I am happy, not because you were made sorry, but because your sorrow led you to change your ways. Godly sorrow brings a change of behavior …and leaves no regret…  -Corinthians 7:9,10

A change of behavior is the ultimate proof that I am truly sorry for what I’ve done and am serious about starting over.

If your failure involved money, you need to pay for the loss. If your failure involved lack of follow through, you need to start following through on your promises. If your failure involved immoral behavior, you need to provide people with assurances that your behavior will not happen again. Sometimes rebuilding trust involves doing things you’ve never done.

Now, I’ve shown you some bad examples of people owning their mistakes. I want to show you a good example. Marion Jones won 3 gold medals at the 2000 Summer Olympics in Sydney, Australia. She was considered the fastest woman in the world but was later stripped of the titles after admitting doping.

Marion has had to start over. She spent six months in jail, so she started over socially. She went bankrupt and had to sell her home, so she started over financially. She got divorced, so she started over relationally. And she lost her running career so she had to start her sports career over again too. It all started by her admitting, expressing sorrow, and asking forgiveness. Today she rebuilds trust by offering the “Take A Brake” program to help young people make better decisions. I like this quote from her:

It’s important for people to know that it’s possible to make a mistake in your life, but it’s what you do after the mistake that people are going to remember you by.  -Marion Jones

If you’ve made a mistake, I hope you want to start over. But before you do, own it. Before you can start over, you need to own your past. Some of you started over without owning your past, and you feel it. Something has never been quite right even years after your failure. You need to press pause on your life and own your past, so you can successfully move into the future.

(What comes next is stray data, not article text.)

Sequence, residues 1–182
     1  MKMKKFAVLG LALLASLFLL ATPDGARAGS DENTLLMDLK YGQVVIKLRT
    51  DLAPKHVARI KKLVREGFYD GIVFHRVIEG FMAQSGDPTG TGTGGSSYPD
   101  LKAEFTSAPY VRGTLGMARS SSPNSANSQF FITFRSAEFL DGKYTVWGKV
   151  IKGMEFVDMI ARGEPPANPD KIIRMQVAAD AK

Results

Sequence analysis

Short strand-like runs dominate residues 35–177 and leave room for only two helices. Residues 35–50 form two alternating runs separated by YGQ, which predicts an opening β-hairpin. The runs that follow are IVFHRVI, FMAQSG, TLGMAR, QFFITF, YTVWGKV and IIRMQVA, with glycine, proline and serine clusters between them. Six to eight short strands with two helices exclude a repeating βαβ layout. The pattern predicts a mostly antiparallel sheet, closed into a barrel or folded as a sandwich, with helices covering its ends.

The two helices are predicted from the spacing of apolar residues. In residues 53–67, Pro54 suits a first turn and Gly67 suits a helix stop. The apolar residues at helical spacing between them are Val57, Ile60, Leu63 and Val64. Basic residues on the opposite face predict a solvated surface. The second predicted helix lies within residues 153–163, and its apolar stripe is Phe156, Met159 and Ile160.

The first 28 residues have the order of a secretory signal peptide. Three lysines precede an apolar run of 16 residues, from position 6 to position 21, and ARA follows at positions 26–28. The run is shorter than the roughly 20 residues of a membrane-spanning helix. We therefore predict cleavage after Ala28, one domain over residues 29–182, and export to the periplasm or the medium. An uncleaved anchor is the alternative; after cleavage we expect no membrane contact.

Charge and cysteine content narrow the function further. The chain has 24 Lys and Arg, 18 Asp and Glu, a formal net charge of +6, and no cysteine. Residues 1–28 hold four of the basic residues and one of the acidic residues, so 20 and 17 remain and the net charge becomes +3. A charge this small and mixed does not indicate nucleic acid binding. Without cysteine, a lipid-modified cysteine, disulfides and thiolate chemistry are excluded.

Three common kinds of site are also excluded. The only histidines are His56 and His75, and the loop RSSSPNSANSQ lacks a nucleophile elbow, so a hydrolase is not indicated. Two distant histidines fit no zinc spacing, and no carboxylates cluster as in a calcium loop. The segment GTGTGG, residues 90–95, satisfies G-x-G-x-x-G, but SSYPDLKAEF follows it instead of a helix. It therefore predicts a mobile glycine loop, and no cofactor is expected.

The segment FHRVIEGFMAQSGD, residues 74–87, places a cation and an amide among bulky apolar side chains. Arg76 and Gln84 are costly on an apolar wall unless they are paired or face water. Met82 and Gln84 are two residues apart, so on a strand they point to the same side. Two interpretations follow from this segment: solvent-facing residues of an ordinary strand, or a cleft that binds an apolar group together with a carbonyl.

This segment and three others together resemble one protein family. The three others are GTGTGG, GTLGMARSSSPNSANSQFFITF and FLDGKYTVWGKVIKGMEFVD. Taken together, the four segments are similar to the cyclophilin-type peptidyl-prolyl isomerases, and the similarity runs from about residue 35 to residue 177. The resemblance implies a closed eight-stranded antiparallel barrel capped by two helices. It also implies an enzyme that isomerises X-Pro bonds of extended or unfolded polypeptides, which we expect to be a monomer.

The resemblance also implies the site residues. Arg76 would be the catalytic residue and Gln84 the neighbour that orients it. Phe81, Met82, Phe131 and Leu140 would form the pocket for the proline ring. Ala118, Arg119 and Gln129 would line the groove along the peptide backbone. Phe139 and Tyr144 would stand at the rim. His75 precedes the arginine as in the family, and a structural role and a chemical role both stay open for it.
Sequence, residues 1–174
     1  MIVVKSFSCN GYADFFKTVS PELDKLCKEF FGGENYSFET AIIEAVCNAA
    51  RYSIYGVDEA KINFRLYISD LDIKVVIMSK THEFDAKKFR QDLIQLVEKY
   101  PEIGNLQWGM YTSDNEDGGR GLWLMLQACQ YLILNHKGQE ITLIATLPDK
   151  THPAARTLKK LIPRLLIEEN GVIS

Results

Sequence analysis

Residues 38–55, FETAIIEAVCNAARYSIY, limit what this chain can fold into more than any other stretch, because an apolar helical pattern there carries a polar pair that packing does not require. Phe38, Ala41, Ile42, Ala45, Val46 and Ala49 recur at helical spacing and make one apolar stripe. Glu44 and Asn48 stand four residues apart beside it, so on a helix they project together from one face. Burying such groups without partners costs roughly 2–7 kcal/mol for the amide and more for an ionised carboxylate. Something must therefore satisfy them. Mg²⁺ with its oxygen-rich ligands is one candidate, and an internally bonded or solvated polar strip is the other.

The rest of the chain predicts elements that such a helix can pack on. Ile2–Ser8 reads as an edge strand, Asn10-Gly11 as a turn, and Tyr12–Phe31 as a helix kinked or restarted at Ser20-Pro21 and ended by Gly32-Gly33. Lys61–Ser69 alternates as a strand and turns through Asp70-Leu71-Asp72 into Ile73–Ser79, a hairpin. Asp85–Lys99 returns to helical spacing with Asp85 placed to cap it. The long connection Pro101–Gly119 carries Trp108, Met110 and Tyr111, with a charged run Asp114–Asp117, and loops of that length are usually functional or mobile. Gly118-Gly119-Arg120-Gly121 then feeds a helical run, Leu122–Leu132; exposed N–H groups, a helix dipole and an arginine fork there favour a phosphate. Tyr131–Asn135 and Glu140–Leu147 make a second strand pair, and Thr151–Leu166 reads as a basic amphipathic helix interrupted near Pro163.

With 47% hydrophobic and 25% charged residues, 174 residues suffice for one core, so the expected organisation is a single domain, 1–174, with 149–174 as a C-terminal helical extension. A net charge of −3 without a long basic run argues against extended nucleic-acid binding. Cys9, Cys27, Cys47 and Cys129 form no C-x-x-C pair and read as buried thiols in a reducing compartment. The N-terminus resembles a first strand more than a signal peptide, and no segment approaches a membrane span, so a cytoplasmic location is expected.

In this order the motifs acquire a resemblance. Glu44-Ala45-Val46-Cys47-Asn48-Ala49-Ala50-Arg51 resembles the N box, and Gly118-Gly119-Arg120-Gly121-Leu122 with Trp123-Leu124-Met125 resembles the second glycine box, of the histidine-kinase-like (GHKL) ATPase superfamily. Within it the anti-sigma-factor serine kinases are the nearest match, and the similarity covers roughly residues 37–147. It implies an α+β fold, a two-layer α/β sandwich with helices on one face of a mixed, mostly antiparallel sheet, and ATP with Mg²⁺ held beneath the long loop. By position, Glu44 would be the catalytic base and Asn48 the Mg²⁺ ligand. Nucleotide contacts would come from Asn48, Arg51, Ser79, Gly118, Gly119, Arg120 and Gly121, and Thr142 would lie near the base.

Many of the issues I talked about in these last two posts are complicated. For example, one person asked me who you should admit your faults to. Should you tell the world like Marion Jones did? Marion told the world because she lied to the world. So it was appropriate to hold a press conference. The rule is, you only apologize to the people you offended or to whom your failure affected.

If you are unsure of what to do, contact me and I’m happy to meet and help you walk through some next steps. I want to help you get your life back on track.

If you would like to hear this entire message in podcast form, you can listen to it here. If you know someone who could really use this message right now, be sure to share this post with them. And if you’d like to talk about some of these issues, please comment below. I’d love to talk more about this important subject of Starting Over.

The Myths that Stop Us From Starting Over

We begin this new blog series by looking at the myths that prevent us from starting over.I hate following directions.

Does anyone else? Directions are totally over rated, don’t you think? I mean, directions are for people who like to get it right the first time. That is so boring! Where’s the adventure in that?

I hate directions so much that, when my kids bought me a grill a few years back for my birthday, I said: “I will accept this gift under one condition: that you put it together.” That grill would still be in a box in my garage today if they hadn’t assembled it for me.

A lot of us don’t like to follow directions, but, you’ve got to admit: there’s a price to pay for not following directions, isn’t there? If you don’t follow directions, there is a good chance you will mess things up, you’ll waste a lot of time and money, and then you have to start all over.

Starting over… that’s what we are going talk about in the next few posts.

We’ve all had to start over. Our human nature tells us that there is a “start-over” in our future, right? That’s because none of us are perfect. We are all flawed. We all make mistakes. If you want to use a religious term, we are all “sinners.”

It’s not something to beat yourself up about, it’s just the way things are. It’s who we are. Even if you don’t believe in the Bible, or like the word “sinner,” it doesn’t matter, because you are one! You can’t help it. It’s beyond your control. We fall down, we get up, and hopefully: we start over.

Maybe you quit school and you started over.

Maybe your marriage failed and you started over.

Maybe you lost your job or worse, your career, and you had to start over.

But some of us make a habit of starting over. We are in a vicious cycle of starting and stopping. You relapse into your addiction and then recover: relapse, recover. Some of you fall away from God and then return: fall away and return. Others lose your temper and ask forgiveness: over and over again.